It may have looked like belaboring the obvious, but El Dorado County Supervisors on Oct. 1 decided to call the trail that follows the old railroad route from Missouri Flat Road to the county line an actual “trail.” Toward that end, the board directed county staff to prepare an ordinance formally declaring the trail to be open to the public — but with limitations on how the public may use the space known officially as the Sacramento-Placerville Transportation Corridor.
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Basically, motorized vehicles whether motorcycles, ATVs or Off Highway Vehicles will be banned along the entire length of the corridor and the El Dorado County Sheriff’s Department will have the heretofore non-specified authority to enforce such an ordinance. District 2 Supervisor Ray Nutting, whose district includes much of the corridor, told fellow supervisors that noise from off-road vehicles has become a major nuisance to residents with property adjacent to the route. He described trying to talk to constituents recently but being interrupted by excessively loud motorcycles and dirt bikes. He also said those vehicles are responsible for destruction of some of the roadbed.
Without restrictive legislation, “the sheriff can’t enforce anything,” Nutting said.
Over the past several years, the Board of Supervisors has made a number of rulings to authorize the corridor as a multi-use public facility allowing certain railroad activities, hiking, biking and equestrian use. From Missouri Flat Road east to Camino, the route is mostly a developed Class I bicycle trail, excluding a stretch from Ray Lawyer Drive to Clay street in Placerville. From Missouri Flat to Shingle Springs, the corridor combines excursion rail with the other non-motorized activities. From Shingle Springs to the county line, the board has limited the trail to hikers, bikers and equestrians with a limited number of exceptions for excursion rail events through December of this year.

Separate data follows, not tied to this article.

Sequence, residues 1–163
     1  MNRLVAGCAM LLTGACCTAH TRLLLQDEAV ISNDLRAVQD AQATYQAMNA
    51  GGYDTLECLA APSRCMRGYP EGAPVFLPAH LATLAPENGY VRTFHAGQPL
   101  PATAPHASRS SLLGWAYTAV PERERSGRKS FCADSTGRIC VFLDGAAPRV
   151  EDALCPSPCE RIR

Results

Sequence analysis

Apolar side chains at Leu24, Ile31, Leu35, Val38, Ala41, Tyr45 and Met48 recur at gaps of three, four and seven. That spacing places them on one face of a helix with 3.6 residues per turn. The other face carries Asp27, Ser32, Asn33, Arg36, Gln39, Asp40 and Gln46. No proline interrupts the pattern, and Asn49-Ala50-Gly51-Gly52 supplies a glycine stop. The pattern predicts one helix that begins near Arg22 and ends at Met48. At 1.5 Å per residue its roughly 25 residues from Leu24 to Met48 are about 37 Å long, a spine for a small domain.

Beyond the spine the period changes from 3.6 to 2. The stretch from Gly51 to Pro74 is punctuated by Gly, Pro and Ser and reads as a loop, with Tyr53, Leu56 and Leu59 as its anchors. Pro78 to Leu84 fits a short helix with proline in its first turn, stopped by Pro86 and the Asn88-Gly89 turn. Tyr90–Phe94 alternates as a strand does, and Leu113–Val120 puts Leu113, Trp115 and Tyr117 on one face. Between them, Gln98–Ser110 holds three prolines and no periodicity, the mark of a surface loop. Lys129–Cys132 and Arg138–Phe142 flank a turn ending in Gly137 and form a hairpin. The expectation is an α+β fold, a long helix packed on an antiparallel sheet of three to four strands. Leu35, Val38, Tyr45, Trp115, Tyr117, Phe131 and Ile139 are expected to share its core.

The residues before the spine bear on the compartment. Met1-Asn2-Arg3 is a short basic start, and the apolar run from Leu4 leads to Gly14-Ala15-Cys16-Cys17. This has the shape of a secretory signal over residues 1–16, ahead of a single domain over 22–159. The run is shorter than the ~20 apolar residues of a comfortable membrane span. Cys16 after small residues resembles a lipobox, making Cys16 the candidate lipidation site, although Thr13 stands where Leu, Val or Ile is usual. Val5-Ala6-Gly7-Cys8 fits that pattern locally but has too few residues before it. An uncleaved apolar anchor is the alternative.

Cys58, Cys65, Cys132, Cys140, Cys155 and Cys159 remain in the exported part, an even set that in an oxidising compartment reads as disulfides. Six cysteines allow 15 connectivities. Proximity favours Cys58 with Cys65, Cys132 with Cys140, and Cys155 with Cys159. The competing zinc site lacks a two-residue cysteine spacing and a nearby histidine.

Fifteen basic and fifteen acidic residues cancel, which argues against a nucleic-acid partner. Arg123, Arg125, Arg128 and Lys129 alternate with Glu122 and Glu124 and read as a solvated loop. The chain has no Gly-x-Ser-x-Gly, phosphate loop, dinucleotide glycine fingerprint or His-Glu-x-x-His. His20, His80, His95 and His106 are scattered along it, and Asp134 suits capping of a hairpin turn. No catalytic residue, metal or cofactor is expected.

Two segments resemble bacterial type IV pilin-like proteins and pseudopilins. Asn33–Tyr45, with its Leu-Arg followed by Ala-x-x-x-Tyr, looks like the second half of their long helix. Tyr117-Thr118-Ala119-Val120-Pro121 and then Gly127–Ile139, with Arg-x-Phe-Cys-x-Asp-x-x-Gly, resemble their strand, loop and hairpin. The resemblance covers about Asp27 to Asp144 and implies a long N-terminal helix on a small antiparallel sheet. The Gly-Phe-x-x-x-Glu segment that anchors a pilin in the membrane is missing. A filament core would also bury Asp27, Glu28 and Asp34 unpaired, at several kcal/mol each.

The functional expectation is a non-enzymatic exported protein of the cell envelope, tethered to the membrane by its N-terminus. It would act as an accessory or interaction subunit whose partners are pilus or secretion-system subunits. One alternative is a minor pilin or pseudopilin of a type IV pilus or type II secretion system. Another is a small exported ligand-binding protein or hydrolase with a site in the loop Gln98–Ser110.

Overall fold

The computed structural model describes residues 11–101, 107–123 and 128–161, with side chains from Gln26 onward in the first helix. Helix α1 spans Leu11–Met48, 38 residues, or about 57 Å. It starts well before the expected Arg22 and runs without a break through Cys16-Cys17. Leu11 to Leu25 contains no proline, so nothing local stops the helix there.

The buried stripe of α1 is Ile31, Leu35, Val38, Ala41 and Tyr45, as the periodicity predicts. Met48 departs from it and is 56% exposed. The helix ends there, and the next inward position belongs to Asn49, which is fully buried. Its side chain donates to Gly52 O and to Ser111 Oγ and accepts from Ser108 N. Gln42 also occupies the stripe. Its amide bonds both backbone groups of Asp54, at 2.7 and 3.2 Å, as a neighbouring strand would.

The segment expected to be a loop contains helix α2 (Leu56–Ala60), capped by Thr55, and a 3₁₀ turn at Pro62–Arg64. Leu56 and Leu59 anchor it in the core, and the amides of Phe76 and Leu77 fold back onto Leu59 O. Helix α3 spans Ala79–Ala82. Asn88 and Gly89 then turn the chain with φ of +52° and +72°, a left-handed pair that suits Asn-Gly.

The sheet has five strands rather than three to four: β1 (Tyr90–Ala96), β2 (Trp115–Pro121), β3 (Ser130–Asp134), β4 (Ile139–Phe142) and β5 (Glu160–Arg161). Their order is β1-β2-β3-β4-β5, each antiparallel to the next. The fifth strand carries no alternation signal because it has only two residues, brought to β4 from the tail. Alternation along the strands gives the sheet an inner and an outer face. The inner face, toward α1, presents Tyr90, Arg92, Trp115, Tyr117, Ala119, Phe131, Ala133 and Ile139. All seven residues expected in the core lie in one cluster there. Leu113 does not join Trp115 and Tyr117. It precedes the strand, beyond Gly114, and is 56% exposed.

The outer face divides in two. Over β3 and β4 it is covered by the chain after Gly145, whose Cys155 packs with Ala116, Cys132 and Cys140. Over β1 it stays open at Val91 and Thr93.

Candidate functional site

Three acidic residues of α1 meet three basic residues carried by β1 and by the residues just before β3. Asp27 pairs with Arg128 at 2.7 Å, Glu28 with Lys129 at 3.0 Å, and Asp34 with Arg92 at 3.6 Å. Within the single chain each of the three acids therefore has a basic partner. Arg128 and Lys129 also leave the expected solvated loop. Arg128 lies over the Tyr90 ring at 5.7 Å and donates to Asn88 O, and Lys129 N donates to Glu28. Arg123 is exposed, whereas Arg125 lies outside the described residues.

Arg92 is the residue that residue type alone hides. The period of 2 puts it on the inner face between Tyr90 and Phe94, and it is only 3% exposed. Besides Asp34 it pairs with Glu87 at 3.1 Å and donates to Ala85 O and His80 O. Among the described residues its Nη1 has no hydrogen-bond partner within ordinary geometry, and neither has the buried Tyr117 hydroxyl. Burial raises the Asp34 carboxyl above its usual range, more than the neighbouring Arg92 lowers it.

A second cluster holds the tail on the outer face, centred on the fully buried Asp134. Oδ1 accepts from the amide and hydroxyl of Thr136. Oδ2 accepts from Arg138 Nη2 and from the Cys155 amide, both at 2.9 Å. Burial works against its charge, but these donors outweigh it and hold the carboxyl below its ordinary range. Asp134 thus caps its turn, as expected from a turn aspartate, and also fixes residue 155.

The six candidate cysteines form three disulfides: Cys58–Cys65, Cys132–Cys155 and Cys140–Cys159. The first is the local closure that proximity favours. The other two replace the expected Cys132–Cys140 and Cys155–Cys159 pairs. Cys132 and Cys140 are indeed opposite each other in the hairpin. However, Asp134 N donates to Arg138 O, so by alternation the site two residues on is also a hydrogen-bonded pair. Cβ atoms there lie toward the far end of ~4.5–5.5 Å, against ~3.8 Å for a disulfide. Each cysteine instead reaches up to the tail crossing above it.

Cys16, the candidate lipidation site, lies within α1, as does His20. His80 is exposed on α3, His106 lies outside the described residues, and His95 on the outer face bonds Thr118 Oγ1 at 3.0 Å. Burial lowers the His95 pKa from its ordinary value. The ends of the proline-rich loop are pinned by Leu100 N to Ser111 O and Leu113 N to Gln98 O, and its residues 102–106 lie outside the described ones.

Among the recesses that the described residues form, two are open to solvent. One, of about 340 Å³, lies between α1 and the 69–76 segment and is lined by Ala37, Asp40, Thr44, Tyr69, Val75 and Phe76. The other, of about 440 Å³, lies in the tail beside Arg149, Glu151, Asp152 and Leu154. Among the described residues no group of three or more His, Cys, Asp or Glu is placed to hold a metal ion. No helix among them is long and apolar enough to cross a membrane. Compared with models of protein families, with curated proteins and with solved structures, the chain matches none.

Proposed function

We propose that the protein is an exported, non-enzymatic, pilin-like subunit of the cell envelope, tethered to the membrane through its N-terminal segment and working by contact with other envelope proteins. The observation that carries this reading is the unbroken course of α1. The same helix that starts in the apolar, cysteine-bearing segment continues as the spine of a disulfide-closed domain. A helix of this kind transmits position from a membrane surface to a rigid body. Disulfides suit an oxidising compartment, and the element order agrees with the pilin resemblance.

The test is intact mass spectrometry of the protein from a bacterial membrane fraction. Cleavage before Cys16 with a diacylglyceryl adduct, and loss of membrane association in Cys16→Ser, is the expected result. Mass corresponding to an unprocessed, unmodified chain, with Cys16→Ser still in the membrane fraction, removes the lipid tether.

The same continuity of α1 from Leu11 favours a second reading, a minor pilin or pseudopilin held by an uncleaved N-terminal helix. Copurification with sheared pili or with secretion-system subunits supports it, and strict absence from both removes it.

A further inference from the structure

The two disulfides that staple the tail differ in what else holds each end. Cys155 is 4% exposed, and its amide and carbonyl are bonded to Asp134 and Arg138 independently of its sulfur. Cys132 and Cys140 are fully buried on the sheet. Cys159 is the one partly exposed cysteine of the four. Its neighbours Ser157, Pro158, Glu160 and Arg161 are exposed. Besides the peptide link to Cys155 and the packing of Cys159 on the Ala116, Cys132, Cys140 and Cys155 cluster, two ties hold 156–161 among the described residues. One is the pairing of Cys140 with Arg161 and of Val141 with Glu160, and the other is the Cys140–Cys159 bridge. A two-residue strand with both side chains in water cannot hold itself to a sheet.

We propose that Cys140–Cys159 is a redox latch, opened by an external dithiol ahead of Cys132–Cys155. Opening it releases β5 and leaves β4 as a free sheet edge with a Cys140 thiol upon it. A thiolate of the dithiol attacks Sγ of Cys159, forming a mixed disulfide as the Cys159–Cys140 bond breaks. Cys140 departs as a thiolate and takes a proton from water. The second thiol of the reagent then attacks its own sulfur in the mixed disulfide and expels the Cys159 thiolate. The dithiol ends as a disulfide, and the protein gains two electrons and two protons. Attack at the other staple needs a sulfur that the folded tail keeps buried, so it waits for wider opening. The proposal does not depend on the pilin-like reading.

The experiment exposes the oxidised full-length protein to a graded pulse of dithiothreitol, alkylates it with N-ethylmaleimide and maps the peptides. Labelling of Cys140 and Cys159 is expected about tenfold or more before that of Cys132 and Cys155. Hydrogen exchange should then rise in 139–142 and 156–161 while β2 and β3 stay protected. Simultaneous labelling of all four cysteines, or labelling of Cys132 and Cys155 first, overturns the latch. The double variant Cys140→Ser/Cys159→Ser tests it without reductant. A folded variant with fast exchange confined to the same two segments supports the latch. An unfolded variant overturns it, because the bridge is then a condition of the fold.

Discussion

The El Dorado County Transportation Commission has tentatively won a grant from the California Department of Transportation to conduct a comprehensive study of multi-modal uses for the route, according to commission director Dan Bolster. Excursion trains and equestrian use were not originally authorized in the grant, but Caltrans followed the commission’s recommendation to include those modes as they have already been approved by the county.
Reminding the board and the public that local taxpayers have already spent nearly $3 million to acquire the right of way and recognizing its region of benefit as Sacramento County, city of Folsom and El Dorado County, Bolster asked rhetorically, “What is the best use of the corridor?” The grant, with work set to begin in February of next year, will help address that question.
Unlike meetings in the past dealing with the corridor that pitted the so-called trail people against the “train guys,” Tuesday’s discussion centered on formally establishing and opening the corridor to the public for the uses specified by earlier board decisions.
The transportation corridor and subsequent El Dorado Trail were established partly under the federal Rails to Trails program which encourages jurisdictions to convert former railroad rights of way to “temporary” other uses by the public. The program is intended to preserve the routes and rights of way for re-conversion back to rail use, if future commercial railroad operations were to become feasible once more. Hence the concept of temporary use for trails. Realistically, a return to commercially viable, heavy railroad transportation is a remote possibility in most areas.
Friends of the El Dorado Trail (trail people) have worked in concert with the El Dorado Western Railroad (train guys), a subbranch of the county’s Historical Museum to carve out areas of responsibility for maintenance and upkeep on the corridor and a recent “Adopt a Trail” assignment formalizes their volunteer activities along the corridor.
Contact Chris Daley at 530-344-5063 or [email protected] Follow @CDaleyMtDemo.